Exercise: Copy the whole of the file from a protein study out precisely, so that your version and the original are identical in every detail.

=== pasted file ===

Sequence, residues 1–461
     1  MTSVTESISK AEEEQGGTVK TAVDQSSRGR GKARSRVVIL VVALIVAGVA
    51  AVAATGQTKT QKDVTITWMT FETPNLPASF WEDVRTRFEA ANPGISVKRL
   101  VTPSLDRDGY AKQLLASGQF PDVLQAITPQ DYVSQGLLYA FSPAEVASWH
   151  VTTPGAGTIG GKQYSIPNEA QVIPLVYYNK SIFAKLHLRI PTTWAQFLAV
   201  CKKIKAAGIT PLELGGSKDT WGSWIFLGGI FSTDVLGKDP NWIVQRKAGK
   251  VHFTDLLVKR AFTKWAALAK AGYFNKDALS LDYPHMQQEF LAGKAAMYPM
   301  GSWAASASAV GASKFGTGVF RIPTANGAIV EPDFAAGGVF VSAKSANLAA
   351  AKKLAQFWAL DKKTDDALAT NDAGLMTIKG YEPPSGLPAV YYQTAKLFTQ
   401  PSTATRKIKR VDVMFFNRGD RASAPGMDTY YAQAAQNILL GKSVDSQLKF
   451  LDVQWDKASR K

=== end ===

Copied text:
Sequence, residues 1–461
     1  MTSVTESISK AEEEQGGTVK TAVDQSSRGR GKARSRVVIL VVALIVAGVA
    51  AVAATGQTKT QKDVTITWMT FETPNLPASF WEDVRTRFEA ANPGISVKRL
   101  VTPSLDRDGY AKQLLASGQF PDVLQAITPQ DYVSQGLLYA FSPAEVASWH
   151  VTTPGAGTIG GKQYSIPNEA QVIPLVYYNK SIFAKLHLRI PTTWAQFLAV
   201  CKKIKAAGIT PLELGGSKDT WGSWIFLGGI FSTDVLGKDP NWIVQRKAGK
   251  VHFTDLLVKR AFTKWAALAK AGYFNKDALS LDYPHMQQEF LAGKAAMYPM
   301  GSWAASASAV GASKFGTGVF RIPTANGAIV EPDFAAGGVF VSAKSANLAA
   351  AKKLAQFWAL DKKTDDALAT NDAGLMTIKG YEPPSGLPAV YYQTAKLFTQ
   401  PSTATRKIKR VDVMFFNRGD RASAPGMDTY YAQAAQNILL GKSVDSQLKF
   451  LDVQWDKASR K